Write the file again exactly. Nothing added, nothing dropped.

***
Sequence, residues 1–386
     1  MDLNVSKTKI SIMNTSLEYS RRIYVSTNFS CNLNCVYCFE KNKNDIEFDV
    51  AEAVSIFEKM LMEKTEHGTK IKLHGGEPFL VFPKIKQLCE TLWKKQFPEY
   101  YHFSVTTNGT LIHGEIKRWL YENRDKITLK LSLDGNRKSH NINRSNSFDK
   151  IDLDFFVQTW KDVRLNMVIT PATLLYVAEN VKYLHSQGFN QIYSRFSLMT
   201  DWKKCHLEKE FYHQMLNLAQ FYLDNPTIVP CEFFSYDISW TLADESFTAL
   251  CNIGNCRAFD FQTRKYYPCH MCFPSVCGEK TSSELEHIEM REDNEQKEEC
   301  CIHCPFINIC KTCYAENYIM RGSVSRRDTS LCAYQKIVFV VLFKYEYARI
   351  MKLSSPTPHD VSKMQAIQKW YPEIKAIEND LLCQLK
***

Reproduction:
Sequence, residues 1–386
     1  MDLNVSKTKI SIMNTSLEYS RRIYVSTNFS CNLNCVYCFE KNKNDIEFDV
    51  AEAVSIFEKM LMEKTEHGTK IKLHGGEPFL VFPKIKQLCE TLWKKQFPEY
   101  YHFSVTTNGT LIHGEIKRWL YENRDKITLK LSLDGNRKSH NINRSNSFDK
   151  IDLDFFVQTW KDVRLNMVIT PATLLYVAEN VKYLHSQGFN QIYSRFSLMT
   201  DWKKCHLEKE FYHQMLNLAQ FYLDNPTIVP CEFFSYDISW TLADESFTAL
   251  CNIGNCRAFD FQTRKYYPCH MCFPSVCGEK TSSELEHIEM REDNEQKEEC
   301  CIHCPFINIC KTCYAENYIM RGSVSRRDTS LCAYQKIVFV VLFKYEYARI
   351  MKLSSPTPHD VSKMQAIQKW YPEIKAIEND LLCQLK